Reading China’s Political Messaging at the Beijing Olympics

Politics Sports

China’s political messaging was very much on show during the Beijing Winter Olympics, which was met with a diplomatic boycott by a number of countries. A journalist of Japanese media who viewed the games from within the country recounts the various forms of signaling.

Deep Divides

In January, I started working in Shenyang in China’s northeastern Liaoning Province. As US-Chinese antagonism intensified, friction was growing over the upcoming Beijing Winter Olympics. I had a great interest myself in the games. I remembered four years earlier, when I had been reporting on the opening ceremony for the Pyeongchang Winter Olympics held in South Korea.

South Korean President Moon Jae-in called for a unified Korean team, and Kim Jong-un of North Korea, under his then title of Chairman of the Workers’ Party of Korea, accepted his overture. International Olympic Committee President Thomas Bach was persuaded via his desire to take credit for a “Peace Olympics,” so that shortly before the start of the Olympics, it was decided that the Korean contingents would enter the stadium for the opening ceremony together and a joint Korean team would participate in the women’s ice hockey competition.

Flag-bearers from the two countries carried a Unification Flag with a picture of the Korean peninsula, and led the athletes into the stadium. Spectators were excited to see a Korean team—even if it was the product of overlapping political motivations—making for an emotional atmosphere.

While many South Korean citizens were opposed to a reconciliation with the North driven by politics, the performance of this “peace festival” was effective to a degree.

How about the Beijing Winter Olympics, held in February 2022? The United States, Britain, Australia, and other countries announced a diplomatic boycott, whereby they did not send heads of state or other such representatives, due to Chinese actions in Xinjiang and other human rights abuses. Japan also did not send a government delegation.

At the opening ceremony on February 4, there were leaders from more than 20 countries, including Russia. The presence of heads of state from countries friendly to China and the absence of those from the Western bloc painted a clear picture of the planet’s deep divides.

Russia and Taiwan

Tensions over Ukraine were also rising at the time of the Olympics. Before the opening ceremony, Chinese President Xi Jinping held talks with Russian President Vladimir Putin. According to the Chinese Ministry of Foreign Affairs, Xi stressed that “China and Russia have stayed committed to deepening strategic coordination of mutual support and standing shoulder to shoulder for international fairness and justice.” Putin stated, “Russia stands ready to work with China to scale up strategic communication and coordination, [and] firmly support each other in defending sovereignty and territorial integrity.”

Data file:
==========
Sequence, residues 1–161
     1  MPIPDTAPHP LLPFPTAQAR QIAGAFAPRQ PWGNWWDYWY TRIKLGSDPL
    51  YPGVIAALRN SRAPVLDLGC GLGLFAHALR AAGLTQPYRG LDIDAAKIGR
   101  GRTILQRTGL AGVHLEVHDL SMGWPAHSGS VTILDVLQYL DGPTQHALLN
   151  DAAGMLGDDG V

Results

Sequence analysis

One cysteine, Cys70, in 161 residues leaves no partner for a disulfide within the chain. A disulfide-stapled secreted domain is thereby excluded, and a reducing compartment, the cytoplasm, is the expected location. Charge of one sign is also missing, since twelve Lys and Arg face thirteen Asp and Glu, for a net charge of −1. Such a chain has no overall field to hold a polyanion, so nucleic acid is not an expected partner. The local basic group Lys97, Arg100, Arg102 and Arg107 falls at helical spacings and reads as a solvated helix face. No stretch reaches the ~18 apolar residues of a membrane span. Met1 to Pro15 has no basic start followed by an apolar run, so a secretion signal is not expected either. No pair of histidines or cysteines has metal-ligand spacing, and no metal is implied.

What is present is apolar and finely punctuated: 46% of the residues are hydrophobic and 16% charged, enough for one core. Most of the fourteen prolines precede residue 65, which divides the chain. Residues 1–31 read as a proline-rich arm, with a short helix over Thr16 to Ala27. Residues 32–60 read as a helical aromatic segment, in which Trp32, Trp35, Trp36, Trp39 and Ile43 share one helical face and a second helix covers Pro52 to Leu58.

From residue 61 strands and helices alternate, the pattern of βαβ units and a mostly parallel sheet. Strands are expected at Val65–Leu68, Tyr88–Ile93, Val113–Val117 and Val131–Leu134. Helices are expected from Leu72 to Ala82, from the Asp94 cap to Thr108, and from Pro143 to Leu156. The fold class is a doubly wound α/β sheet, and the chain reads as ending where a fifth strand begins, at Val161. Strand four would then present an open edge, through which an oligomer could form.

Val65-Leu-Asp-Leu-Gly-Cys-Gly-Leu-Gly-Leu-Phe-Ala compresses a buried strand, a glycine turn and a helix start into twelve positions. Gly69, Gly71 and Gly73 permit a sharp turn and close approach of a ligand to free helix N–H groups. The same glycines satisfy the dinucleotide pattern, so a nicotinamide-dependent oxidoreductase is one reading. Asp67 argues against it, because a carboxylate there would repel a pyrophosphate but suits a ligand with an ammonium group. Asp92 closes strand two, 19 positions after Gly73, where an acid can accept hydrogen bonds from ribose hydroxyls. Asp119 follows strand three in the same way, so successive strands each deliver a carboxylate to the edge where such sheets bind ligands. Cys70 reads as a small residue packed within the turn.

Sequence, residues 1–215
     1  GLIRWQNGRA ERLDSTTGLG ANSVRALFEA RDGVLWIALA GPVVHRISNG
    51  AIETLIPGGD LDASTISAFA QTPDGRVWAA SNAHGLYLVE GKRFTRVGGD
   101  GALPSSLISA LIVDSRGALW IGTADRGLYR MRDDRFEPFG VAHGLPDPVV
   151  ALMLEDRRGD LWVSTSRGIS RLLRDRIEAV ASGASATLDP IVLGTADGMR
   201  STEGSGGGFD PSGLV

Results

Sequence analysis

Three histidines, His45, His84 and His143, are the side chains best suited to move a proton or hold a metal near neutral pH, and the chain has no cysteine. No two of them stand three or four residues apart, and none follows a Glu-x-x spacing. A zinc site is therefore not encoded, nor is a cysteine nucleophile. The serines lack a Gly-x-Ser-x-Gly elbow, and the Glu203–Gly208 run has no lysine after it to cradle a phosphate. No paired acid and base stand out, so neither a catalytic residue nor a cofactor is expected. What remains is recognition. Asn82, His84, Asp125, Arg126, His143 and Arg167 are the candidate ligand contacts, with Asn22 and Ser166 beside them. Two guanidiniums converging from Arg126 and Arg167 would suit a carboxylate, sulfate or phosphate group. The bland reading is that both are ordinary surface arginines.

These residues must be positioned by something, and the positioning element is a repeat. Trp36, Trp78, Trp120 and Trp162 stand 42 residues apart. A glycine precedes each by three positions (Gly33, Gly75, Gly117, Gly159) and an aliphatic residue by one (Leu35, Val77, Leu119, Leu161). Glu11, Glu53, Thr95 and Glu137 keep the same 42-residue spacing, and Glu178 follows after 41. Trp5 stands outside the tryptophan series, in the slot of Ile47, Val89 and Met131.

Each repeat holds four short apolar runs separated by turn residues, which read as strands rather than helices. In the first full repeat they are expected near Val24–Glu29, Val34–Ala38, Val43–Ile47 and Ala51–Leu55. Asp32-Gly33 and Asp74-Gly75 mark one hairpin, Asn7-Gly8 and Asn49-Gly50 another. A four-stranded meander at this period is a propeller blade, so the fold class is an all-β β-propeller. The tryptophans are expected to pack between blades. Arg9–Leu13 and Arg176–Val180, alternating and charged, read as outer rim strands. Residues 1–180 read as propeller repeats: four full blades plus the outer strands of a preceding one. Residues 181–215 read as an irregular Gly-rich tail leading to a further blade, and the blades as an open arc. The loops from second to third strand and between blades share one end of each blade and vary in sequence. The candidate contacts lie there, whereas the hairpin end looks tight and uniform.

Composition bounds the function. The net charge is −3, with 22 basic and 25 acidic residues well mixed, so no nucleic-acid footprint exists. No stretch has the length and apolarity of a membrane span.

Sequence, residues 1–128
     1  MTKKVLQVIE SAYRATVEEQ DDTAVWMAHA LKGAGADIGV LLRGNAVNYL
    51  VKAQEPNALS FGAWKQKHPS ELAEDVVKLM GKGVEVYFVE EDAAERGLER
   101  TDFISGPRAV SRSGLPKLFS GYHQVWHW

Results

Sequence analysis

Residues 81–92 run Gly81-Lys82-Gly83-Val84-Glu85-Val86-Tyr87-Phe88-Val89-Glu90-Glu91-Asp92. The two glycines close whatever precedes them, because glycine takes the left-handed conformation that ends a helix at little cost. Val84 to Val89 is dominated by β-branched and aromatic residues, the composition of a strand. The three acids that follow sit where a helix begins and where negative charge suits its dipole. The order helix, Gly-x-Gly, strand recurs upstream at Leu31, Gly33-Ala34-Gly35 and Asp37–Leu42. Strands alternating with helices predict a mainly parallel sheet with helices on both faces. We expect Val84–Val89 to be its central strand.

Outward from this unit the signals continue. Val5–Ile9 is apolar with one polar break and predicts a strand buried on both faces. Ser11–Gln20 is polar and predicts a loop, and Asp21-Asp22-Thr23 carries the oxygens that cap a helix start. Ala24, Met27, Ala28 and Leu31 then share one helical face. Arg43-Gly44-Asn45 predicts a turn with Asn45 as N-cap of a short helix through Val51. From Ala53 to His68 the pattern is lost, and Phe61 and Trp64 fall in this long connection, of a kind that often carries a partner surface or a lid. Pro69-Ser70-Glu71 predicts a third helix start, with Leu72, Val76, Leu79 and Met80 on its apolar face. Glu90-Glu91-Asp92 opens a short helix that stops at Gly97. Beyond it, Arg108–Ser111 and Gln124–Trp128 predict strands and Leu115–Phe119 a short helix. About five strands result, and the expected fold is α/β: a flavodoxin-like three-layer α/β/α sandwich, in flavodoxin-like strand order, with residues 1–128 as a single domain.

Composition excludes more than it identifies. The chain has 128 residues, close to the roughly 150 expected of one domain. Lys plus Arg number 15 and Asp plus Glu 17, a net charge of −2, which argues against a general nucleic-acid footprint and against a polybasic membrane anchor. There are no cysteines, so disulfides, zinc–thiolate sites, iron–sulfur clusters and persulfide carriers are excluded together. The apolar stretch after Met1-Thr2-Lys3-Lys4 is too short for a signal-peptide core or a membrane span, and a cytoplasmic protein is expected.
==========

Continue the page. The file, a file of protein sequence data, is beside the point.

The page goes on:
The Chinese-Russian joint statement declares that “Friendship between the two States has no limits, [and] there are no ‘forbidden’ areas of cooperation.” It also plainly notes that “The sides oppose further enlargement of NATO,” as Putin has asserted.

The opening ceremony took place just after I arrived in China, so I could not be present at the stadium, and I watched it on television instead. There was an unusual moment when the Taiwanese team made its entrance. The stadium announcer introduced the group, as normal, as from “Chinese Taipei,” or Zhonghua Taibei in Chinese, but the presenter for Chinese state television station CCTV used the name Zhongguo Taibei. The former name, preferred by Taiwan, means that the country is culturally Chinese, but the latter denotes that it is a part of the People’s Republic of China.

This situation was foreshadowed when Taiwan held for a time that it would not take part in the opening ceremony due to some Chinese government figures’ use of the name Zhongguo Taibei. Pleas from the IOC later persuaded it to participate.

While China allowed the use of Taiwan’s preferred name for external consumption, it used the name signifying the country was actually part of China for domestic audiences.

When the Taiwanese team entered the stadium, CCTV showed footage of Xi in the VIP seating. As the Hong Kong team followed, the cameras stayed on Xi. China criticized the diplomatic boycotts as a politicization of sports, but its opening ceremony included a number of political messages.

Political Signaling

The finale of the opening ceremony involved powerful signaling, as the last Olympic torchbearer was Uyghur athlete Dinigeer Yilamujiang. The New York Times described this in a headline as a “provocative choice,” reporting that it “confronted head-on one of the biggest criticisms of the country’s role as host,” as the Western diplomatic boycott was based on the human rights abuses by the Chinese government against the Uyghur minority, including internment.